Similarly, Judge Vaidik doubted the state's argument that the legislature didn't contemplate a civil remedy for removing a person rather than pursuing criminal theft charges against a person who no longer resided within a district to which he was elected, a conviction White faces for receiving a salary as a town council member for a several month period after he had moved outside the district to which he had been elected. White later returned the money, even though he fulfilled all of his duties as a town council member during the time in question. The legislature enacted a specific statute for removal under these circumstances, but the state contended a separate statute declaring a vacancy upon a person moving outside the district is determinative. Even the Attorney General threw a bone to White, conceding that double jeopardy applied to at least two of the charges when questioned by Judge Vaidik, although that issue had not been formally argued by White on appeal.

What should be abundantly clear to the three-judge panel is that it's been presented a hard case to decide because the state prosecuted a case with the acquiescence of a trial court judge under dubious circumstances based on erroneous interpretations of law at worst and over-charging of trivial offenses at a minimum, which was further complicated by his own counsel's tactical blunders that at least bordered on incompetency. While the judges may believe White was playing fast and loose with the residency laws, they must understand that their decision could have a far-reaching impact given the frequency with which residency disputes seem to arise in Indiana politics. Is that a Pandora's box they want to open? At the same time, overturning the convictions requires an admission by the panel that the prosecution, conviction and removal of Charlie White from office was a miscarriage of justice, which I believe it was. That's probably a tough pill for the panel to swallow because of what that says about the criminal justice system in this state.


Anonymous said...

The new Vince Flynn series. Small guy knows and sees too much.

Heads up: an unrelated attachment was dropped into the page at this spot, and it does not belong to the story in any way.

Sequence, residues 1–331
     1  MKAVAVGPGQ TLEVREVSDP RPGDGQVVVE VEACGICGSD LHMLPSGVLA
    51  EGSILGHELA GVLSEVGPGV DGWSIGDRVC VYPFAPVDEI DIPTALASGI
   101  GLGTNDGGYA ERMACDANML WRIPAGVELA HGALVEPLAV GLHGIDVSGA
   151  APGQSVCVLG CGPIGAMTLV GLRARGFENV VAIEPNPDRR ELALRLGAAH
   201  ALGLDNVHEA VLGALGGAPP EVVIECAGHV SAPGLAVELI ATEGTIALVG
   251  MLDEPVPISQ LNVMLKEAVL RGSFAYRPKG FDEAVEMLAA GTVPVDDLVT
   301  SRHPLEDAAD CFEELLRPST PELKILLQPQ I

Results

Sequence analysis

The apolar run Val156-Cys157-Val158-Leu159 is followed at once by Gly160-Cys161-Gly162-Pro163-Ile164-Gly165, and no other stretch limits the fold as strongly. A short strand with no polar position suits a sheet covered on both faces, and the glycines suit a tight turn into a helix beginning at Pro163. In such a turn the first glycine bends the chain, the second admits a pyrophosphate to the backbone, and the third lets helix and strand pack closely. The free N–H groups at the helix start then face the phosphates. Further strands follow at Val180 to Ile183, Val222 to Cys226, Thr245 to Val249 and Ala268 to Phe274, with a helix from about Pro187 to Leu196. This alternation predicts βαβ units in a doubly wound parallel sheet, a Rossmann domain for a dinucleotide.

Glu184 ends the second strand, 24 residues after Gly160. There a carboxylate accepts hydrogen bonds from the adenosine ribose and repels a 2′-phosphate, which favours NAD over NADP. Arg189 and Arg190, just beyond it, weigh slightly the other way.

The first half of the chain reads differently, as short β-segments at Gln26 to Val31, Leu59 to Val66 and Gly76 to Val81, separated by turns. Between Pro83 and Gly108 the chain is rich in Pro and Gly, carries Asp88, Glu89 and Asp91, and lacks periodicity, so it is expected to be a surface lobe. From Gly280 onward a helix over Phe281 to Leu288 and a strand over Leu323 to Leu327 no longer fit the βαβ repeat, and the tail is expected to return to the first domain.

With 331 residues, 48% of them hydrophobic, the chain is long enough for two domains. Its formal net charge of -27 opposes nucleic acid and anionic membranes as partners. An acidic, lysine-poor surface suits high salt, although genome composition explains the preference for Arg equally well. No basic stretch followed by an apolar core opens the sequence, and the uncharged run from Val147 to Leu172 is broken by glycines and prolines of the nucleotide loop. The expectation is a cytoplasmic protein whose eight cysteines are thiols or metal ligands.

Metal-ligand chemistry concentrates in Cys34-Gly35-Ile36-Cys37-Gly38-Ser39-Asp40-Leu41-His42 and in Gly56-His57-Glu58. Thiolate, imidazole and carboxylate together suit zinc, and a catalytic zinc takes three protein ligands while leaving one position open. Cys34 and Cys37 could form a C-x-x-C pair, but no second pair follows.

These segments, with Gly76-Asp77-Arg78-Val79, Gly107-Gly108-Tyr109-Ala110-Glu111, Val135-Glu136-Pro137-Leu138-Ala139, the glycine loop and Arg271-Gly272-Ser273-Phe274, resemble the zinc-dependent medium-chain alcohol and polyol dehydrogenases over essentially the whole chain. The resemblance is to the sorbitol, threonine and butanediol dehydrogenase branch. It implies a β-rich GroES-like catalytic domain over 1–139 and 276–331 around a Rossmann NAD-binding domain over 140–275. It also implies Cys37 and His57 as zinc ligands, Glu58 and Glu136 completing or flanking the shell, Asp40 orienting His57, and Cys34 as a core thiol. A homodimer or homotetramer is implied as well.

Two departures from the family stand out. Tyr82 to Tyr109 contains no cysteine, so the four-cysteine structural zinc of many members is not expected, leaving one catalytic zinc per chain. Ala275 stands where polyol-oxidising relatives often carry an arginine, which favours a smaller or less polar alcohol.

Anonymous said...

"Judge Vaidik appealed to White's attorney, Andrea Ciobanu, to boil down the strongest issue she and her fellow panelists"

That's a horse&&&& excuse for lawyering. Hear the entire case, judge. You sure get paid enough.

"There's an old adage that hard cases make bad law, and this might be one of those cases."

This isn't at all a hard case. Under U.S. law, the homeless can register to vote using a park bench as an address. A man with a complicated life is entitled to his own declaration of residence.

"That's a key point White's attorney made in his appeal, although Judge May was quick to remind her that just because there is no precedent for someone being criminally prosecuted for a particular act that alone doesn't get a defendant off the hook."

More horse&&&&. If there is going to be a first prosecution for a criminal act years after the law is passed, it's incumbent upon the government to clarify and warn.

From your notes, it looks like Indiana is well on its way to being a resurrection of East Germany.

The message keeps getting clearer: they don't want you to vote.

One person, one vote does not apply in Indiana. One person, no vote is the rule in the Hoosier State.

If one paperwork slip-up lands you in jail as a felon for voting, who would be dumb enough to risk it?

I hope White is smart enough to appeal a negative ruling to the U.S. Courts. This is an issue where Chicago needs to slap around Indiana, again, by embarrassing the stupid Indiana courts.

Voting is a fundamental right, and Indiana's laws utterly destroy that right, tearing right through every level of scrutiny.

"While the judges may believe White was playing fast and loose with the residency laws"

Bull. He resided in Indiana, and he registered and voted in Indiana. This isn't a hard case. Registration, itself, already is a significant burden on voting.

Anonymous said...

I think it's pretty clear that the right thing to do is to overturn his conviction.

local landlord said...

Indiana is proceeding down the wrong path when it contemplates laws so complicated and convoluted. These type of laws should be simple to understand and easy to adjudicate. Residency laws should be understandable by the regular guy in the street. The average voter. Making this case so very complicated just inspires mistrust in the electorate and promotes the idea that prosecutions are rigged for one side or another and bought and sold based on politics and money. I am a simple man. I’ve always thought Charlie White was a bit of a buffoon. But I don’t think anything he did was criminal. Not even close. I think Carl Brizzi provided ineffective counsel. And I think that’s shocking considering he was once the most powerful prosecutor in Indiana. The Court of Appeals should reverse Charlie’s conviction on all grounds. And I continue to believe Carl Brizzi should be disbarred, for reasons which have become well known to most of us. If Evan Bayh and Dick Lugar weren’t prosecuted for residency fraud, then Charlie White’s case is simply unfair and the reasons unintelligible to the average Hoosier. The Courts are a continuing embarrassment by indulging these ridiculous legal shenanigans.